Now let’s look at point 2 – to answer a user need.
This comes back to really knowing your audience and the journey they take. One example of content that answers a user need would be to speak to your sales team and find out the most common questions people ask about your product/service. You can then produce a whitepaper which answers this question or explores a common challenge that your prospects face.
Also consider the rebuttals prospects have along the conversion journey. Using the example of the call tracking software, it’s likely that potential customers are thinking about:
- ROI and the value of investing
- What other businesses use it
- How it works
Consider the concerns your prospects may have, and how you can create content to alleviate those concerns – such as reports, case studies, testimonials, webinars, infographics and so on.
Measuring the value of your content
Content marketing is an investment for your business. It takes time and money to produce great content.
It’s essential you track the value of your content campaigns. Doing so requires an acknowledgement that not all content leads to conversion straight away.
Attribution modelling is therefore important.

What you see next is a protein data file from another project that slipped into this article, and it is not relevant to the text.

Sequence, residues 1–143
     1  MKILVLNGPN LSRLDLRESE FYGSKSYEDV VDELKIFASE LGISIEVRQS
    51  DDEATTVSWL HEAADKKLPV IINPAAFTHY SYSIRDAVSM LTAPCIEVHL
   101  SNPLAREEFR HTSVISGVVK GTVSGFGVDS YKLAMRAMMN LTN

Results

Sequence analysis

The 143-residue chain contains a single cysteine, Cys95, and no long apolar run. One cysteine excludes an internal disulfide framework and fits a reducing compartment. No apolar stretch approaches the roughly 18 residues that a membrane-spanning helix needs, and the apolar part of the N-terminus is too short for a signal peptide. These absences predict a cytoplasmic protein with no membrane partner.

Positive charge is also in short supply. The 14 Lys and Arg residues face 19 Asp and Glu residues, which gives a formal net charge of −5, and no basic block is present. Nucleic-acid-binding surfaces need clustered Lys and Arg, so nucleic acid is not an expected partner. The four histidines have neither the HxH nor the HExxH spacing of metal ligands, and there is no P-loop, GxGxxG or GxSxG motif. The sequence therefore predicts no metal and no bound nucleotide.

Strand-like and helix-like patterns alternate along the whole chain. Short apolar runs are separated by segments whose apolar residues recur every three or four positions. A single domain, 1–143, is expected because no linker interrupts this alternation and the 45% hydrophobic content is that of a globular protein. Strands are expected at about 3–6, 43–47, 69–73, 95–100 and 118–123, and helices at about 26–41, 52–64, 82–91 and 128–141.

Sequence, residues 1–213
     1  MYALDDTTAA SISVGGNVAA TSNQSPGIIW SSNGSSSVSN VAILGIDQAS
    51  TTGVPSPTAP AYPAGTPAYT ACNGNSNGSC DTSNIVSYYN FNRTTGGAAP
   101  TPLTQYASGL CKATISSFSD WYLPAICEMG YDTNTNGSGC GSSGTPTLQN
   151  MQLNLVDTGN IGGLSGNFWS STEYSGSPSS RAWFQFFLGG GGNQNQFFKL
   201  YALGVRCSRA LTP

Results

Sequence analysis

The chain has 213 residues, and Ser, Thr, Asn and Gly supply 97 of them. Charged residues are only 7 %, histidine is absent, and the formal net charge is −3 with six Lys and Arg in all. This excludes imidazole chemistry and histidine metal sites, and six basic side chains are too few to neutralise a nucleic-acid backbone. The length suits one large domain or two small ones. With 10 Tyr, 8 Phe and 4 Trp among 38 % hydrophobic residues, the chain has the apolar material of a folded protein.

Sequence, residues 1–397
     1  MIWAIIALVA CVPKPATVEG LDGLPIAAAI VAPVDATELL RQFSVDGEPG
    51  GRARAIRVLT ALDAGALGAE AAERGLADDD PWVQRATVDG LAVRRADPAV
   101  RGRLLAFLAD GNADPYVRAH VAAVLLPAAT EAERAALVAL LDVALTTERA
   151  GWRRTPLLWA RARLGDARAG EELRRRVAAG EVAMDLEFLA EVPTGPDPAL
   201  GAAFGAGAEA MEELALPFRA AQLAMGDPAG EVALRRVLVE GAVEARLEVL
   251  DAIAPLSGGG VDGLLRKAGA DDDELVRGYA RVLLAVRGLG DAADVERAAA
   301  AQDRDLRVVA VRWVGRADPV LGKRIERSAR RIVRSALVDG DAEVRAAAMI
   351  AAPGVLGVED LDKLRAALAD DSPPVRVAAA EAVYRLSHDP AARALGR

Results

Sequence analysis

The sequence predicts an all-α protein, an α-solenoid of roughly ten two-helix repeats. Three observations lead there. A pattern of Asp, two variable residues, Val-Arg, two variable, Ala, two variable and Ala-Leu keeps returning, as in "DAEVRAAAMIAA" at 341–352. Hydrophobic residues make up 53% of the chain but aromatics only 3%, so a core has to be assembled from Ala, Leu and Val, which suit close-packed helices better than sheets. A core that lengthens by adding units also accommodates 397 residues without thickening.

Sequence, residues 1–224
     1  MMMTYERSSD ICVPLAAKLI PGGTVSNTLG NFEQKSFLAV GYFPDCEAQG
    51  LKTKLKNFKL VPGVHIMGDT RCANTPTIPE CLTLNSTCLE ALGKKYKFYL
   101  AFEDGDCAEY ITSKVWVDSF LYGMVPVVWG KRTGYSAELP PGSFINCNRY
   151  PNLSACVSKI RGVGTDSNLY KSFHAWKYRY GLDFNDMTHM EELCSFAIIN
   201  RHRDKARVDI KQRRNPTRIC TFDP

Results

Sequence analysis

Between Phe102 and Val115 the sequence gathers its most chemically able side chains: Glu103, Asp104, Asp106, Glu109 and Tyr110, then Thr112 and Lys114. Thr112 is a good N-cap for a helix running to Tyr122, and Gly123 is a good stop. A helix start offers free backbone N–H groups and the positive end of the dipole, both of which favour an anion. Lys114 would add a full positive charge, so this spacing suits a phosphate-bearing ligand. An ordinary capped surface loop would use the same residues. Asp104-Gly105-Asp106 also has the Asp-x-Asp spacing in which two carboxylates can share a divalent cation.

If you’re using Google Analytics (which we’d highly recommend), the default attribution model used is ‘last click’. This means that conversions are attributed to the last channel the user touched before converting.
Since seeing a piece of content doesn’t always lead to a conversion straight away, this model can be unrepresentative of the value of your content campaigns.
Other attribution models can give you a much better view of the value of your content. “First click”, for example, will show you conversions attributed to the first channel the user came through. “Time decay” will apply value to channels which decays over time. “Linear” modelling will apply equal value to every channel in the journey.
Your choice of attribution model will come down to your business need. But by identifying the right one for you, you can get a much clearer view on the impact of your content marketing efforts.
This has been a very brief overview of content marketing for B2B businesses. If you’d like to learn more, get in touch, or email firstname.lastname@example.org to get our free, downloadable guide to digital marketing for B2B businesses.